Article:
Southern resident orcas off the west coast of Vancouver Island earlier this month. (DFO Pacific/Twitter)

Editorial: Admire killer whales, but from a distance

Boaters need to make an effort to stay 200 metres from killer whales

We’re lucky that killer whales are being neighbourly these days around Vancouver Island harbours, and now we need to be good neighbours, too, and give them space.

Orcas have been active this spring and summer. Whale-watching excursions are going well, harbour traffic has paused to let killer whales pass by, and even the Nanaimo dragonboat races this year saw a brief delay due to a pod’s presence on the racecourse.

RELATED: Rare white orca seen in the strait near Nanaimo

We’re happy to see them, but we need to be able to temper our enthusiasm. We’ve heard a couple of recent reports, including one this week, of boats crowding the killer whales. A reader said four orcas seen feeding off Saysutshun Newcastle Island quickly had five boats descend upon them.

Coincidentally, this week Fisheries and Oceans Canada released a report on a southern resident killer whale that died of blunt trauma, likely from a ship, two winters ago.

RELATED: Southern resident killer whale died of blunt trauma, likely from ship

Nobody is trying to crash into killer whales at sea, especially not the endangered southern residents, but coming too close can disturb, stress or harm marine mammals, says the government of Canada. In critical habitat areas, staying 400 metres away from killer whales is the law. In areas not considered a critical habitat area, vessels must still keep 200 metres away. That includes not only the southern residents, but also the transients – as DFO tells us, it can be hard for a layperson to tell the difference, so best to be on the safe side, and in any case, the transients are a threatened eco-type themselves.

It could be argued that the federal government is asking us to do as they say, not as they do, as they push for pipeline expansion that would lead to increased tanker traffic, but that might be a topic for another editorial. Certainly, it shouldn’t lessen our determination to save the whales.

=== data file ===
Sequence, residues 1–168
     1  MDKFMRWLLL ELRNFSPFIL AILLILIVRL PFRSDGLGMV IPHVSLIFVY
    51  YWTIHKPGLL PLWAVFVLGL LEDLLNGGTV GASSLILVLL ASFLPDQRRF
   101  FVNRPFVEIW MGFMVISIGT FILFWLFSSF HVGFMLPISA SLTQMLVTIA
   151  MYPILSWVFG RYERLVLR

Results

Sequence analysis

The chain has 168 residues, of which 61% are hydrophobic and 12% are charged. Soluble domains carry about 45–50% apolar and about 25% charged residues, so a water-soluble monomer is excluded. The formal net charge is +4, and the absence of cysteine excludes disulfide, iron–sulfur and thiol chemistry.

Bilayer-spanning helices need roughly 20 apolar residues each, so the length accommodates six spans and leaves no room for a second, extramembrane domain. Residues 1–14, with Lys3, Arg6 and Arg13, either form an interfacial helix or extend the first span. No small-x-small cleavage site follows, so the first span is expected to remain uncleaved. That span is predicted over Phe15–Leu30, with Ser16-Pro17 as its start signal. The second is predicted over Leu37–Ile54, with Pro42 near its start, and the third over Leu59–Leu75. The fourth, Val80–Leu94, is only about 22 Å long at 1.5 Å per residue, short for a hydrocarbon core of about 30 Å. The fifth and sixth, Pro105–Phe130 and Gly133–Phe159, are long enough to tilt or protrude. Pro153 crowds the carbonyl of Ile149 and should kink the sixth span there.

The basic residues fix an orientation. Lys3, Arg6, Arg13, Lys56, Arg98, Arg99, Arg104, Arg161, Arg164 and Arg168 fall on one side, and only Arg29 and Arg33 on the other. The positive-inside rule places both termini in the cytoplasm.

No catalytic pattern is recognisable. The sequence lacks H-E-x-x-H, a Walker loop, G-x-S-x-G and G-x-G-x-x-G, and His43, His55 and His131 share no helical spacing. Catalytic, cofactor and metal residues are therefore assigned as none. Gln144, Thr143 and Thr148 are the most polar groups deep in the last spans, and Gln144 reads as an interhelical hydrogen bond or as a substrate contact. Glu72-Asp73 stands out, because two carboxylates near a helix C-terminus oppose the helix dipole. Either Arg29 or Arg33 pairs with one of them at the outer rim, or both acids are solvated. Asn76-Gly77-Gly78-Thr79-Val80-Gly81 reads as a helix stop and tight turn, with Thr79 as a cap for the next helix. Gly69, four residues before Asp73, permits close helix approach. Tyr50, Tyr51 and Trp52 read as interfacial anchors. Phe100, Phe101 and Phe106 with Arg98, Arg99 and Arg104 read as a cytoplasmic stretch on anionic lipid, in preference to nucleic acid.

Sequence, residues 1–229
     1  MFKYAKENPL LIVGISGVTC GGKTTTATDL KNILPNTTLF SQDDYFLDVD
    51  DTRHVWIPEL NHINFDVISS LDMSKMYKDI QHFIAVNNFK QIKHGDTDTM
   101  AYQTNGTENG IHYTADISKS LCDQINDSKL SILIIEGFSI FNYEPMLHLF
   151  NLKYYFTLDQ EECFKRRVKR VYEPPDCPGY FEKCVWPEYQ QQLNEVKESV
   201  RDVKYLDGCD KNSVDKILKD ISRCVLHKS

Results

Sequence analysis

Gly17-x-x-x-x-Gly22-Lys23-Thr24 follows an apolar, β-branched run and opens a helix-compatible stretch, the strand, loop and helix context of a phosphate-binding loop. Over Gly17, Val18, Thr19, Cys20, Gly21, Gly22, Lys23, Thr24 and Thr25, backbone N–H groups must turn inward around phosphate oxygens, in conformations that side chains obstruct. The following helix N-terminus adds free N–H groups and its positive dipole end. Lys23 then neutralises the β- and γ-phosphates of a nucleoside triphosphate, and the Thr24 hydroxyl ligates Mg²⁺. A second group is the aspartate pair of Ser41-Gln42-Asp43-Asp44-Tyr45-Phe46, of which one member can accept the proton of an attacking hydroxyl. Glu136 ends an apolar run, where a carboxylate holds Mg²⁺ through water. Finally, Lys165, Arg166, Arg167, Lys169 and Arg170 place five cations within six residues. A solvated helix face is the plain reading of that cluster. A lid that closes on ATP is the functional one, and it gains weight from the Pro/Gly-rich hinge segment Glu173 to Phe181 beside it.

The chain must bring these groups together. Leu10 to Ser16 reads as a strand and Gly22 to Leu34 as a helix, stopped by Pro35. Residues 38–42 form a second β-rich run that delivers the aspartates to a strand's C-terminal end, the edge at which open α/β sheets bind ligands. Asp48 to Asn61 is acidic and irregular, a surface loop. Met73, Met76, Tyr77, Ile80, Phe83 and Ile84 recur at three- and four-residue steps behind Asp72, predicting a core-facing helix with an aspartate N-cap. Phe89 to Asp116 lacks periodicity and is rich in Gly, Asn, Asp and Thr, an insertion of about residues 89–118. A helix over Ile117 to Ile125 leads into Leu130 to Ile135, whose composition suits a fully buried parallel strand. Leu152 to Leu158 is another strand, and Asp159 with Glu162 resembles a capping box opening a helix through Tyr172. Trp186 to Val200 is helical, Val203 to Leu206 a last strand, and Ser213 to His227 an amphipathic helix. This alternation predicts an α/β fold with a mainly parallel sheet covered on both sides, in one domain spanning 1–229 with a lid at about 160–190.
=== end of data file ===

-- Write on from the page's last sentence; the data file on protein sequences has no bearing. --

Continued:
RELATED: Orcas active around Vancouver Island’s southeast coast

Killer whales been swimming the Salish Sea since time immemorial, and even after all this time, it’s a special thing to see them. And they’ll continue to call this place a home, so long as we’re content to admire them from afar and leave them be.



editor@nanaimobulletin.com

Like us on Facebook and follow us on Twitter

Just Posted

Prince Harry reunites with Meghan and Archie in Victoria

Buckingham Palace said Tuesday it would not comment on private matters

Vancouver Island home to one of Canada’s largest private skateboard collections

Eric Pinto owns hundreds of boards, spanning multiple decades

Dogs no longer welcome at major Greater Victoria mall

New dog policy begins March 1 at Hillside Shopping Centre

Drivesmart: Pedestrian visibility at night a matter of life and death

Walk to stay alive: the pedestrian is always the loser in a collision

Warm ‘blob’ could be behind mass starvation of North Pacific seabirds: Study

Unprecedented death toll raises red flag for North American marine ecosystems

VIDEO: Greater Victoria mom shares ‘insane’ experience of viral dinosaur video

Tabitha Cooper filmed her costumed sons meeting their grandma at the Victoria International Airport

Skier dies at Fernie Alpine Resort

It’s the second person to die in a tree well at a ski resort in B.C. in the past week.

Put away the shovels, week of rain ahead for Vancouver Island

Environment Canada calling for wet weather until Sunday

Dog dies, Victoria man arrested after incident in Oaklands

Police called to ‘incident between a man and a dog’ Monday afternoon

What Campbell River got up to on its ‘Snow Day’ last week

We asked people to send us photos of what they were doing last Thursday after the big dump of snow

Saanich Police ask for help locating missing high-risk youth

Robyn Coker-Steel has not been in contact with anyone from her home since Dec. 27

Former Sidney mayor calls on local MLA Adam Olsen to resign over ferry blockade

Olsen has rejected the demand, calling Price’s language divisive and responsible for polarization

Six boat wrecks wash up on Cadboro Bay beaches over the weekend

Dead Boat Society working with Oak Bay, Saanich to clear derelict boats

Tech consortium invests $25 million into 14 research projects, two at UVic

Investments come with goal of developing, implement technologies created by Canadians

Most Read